Family and Medical Leave Act
Benefits and Eligibility
There are certain rights you have as a parent that are protected by law.
The Family and Medical Leave Act of 1993 is the principal law that describes the rights that parents have with regards to their employment. In essence, it requires qualifying employers to provide unpaid leave for medical and family reasons. The employee's job is protected during the leave.
Prior to this law, the rules surrounding leave for medical and family issues were up to the employers. As an employee, your leave could be denied for any reason and you could even be fired for taking leave. There was no employment law requiring that employees within the same company had to be treated equally and uniformly.
Let's take a look at the benefits afforded under the law and the qualifications that must be met.
The benefits of Family & Medical Leave Act
1. Up to 12 weeks of unpaid, job-protected leave a year for the following situations:
2. Other benefits:
Eligibility for the Family & Medical Leave Act
To qualify for the benefits under the Family and Medical Leave Act, certain conditions must be met.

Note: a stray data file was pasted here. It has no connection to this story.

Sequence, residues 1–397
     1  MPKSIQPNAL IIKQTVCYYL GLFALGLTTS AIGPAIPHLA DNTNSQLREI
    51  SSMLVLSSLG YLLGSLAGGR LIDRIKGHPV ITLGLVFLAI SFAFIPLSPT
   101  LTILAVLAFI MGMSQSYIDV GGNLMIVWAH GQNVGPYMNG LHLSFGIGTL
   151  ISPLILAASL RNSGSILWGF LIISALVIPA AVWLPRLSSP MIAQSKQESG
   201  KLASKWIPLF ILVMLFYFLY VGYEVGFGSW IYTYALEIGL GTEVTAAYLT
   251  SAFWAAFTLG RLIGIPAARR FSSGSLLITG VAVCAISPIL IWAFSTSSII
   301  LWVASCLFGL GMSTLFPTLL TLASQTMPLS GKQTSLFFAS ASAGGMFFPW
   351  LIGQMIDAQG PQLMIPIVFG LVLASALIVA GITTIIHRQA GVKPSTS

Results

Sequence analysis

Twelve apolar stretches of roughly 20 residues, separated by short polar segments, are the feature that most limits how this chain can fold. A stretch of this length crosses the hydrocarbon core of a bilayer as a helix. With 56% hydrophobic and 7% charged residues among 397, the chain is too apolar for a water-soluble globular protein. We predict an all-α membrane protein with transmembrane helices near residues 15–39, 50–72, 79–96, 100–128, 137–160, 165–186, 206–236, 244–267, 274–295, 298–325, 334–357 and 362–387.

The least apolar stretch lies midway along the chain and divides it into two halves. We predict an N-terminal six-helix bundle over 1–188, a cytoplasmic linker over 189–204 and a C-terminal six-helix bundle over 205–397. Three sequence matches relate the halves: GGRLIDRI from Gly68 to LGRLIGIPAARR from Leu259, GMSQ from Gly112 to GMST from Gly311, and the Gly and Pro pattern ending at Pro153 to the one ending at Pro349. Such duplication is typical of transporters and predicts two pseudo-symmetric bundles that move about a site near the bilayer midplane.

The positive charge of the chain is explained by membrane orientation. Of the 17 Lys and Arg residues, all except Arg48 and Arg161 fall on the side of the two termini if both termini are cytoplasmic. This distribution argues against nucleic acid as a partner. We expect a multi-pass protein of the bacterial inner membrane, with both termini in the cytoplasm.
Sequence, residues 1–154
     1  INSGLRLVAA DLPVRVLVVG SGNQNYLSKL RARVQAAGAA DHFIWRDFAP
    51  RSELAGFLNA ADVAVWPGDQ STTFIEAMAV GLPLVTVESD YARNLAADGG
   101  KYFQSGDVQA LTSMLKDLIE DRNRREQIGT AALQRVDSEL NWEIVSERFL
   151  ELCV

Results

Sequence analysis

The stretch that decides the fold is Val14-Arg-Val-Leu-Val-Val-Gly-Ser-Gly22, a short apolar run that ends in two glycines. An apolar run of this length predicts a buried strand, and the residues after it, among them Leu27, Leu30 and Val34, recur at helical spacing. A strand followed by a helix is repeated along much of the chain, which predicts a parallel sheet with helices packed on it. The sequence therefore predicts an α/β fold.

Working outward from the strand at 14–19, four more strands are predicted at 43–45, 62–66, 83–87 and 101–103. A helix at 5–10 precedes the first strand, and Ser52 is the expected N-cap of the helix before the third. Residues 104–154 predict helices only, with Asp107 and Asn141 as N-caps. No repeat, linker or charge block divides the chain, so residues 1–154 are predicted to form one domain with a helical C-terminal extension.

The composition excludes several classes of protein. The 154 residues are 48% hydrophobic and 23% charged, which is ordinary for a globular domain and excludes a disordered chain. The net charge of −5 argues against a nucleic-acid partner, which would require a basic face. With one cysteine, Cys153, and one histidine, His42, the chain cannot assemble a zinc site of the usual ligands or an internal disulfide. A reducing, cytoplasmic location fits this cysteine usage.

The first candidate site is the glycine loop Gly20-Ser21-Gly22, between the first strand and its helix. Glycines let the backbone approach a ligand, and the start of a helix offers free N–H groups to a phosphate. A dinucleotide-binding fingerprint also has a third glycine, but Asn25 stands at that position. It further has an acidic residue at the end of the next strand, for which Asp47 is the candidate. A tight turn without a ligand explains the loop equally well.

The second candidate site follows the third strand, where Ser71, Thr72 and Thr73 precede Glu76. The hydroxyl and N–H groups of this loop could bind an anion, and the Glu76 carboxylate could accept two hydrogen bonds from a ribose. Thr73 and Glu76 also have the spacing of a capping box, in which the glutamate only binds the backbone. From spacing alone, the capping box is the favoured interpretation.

1. Employer. You must be employed by an employer with 50 or more employees within a 75-mile radius of the workplace, or be employed by a public agency; this would include schools, federal, state, and local employers.
Many people are under the impression that they are still paid while taking leave under this act. But it is not required that your employer continue to pay you. Some companies will continue to pay your salary, but that is the exception and not the rule.
While it is against the law to punish those that make use of the Family and Medical Leave Act, it is not uncommon for many employers to frown upon those that take family or medical leave. It can be difficult to prove that you didn't receive a promotion or pay raise because you took a leave of absence.
The Family and Medical Leave Act of 1993 allows for you to care for a new child or a sick child without fear of losing your job. The same job, or a comparable job, will be available when you return to work. Benefits are preserved and retaliation of any kind is illegal.
Be sure you are aware of your rights so you can care for your loved ones with confidence, knowing that you can still return to your job.
Family First Coronavirus Response Act
Where to find information about "Family First Coronavirus Response Act"
For information about the "Family First Coronavirus Response Act" please be sure to visit "Local Attorney Answers Commonly Asked Employee Questions About Coronavirus" .
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